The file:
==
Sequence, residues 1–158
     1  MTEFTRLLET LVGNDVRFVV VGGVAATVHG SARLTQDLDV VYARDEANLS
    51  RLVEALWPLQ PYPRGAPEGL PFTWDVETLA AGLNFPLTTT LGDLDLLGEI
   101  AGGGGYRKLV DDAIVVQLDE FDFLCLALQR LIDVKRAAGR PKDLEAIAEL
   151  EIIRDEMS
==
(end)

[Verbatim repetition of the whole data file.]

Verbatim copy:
Sequence, residues 1–158
     1  MTEFTRLLET LVGNDVRFVV VGGVAATVHG SARLTQDLDV VYARDEANLS
    51  RLVEALWPLQ PYPRGAPEGL PFTWDVETLA AGLNFPLTTT LGDLDLLGEI
   101  AGGGGYRKLV DDAIVVQLDE FDFLCLALQR LIDVKRAAGR PKDLEAIAEL
   151  EIIRDEMS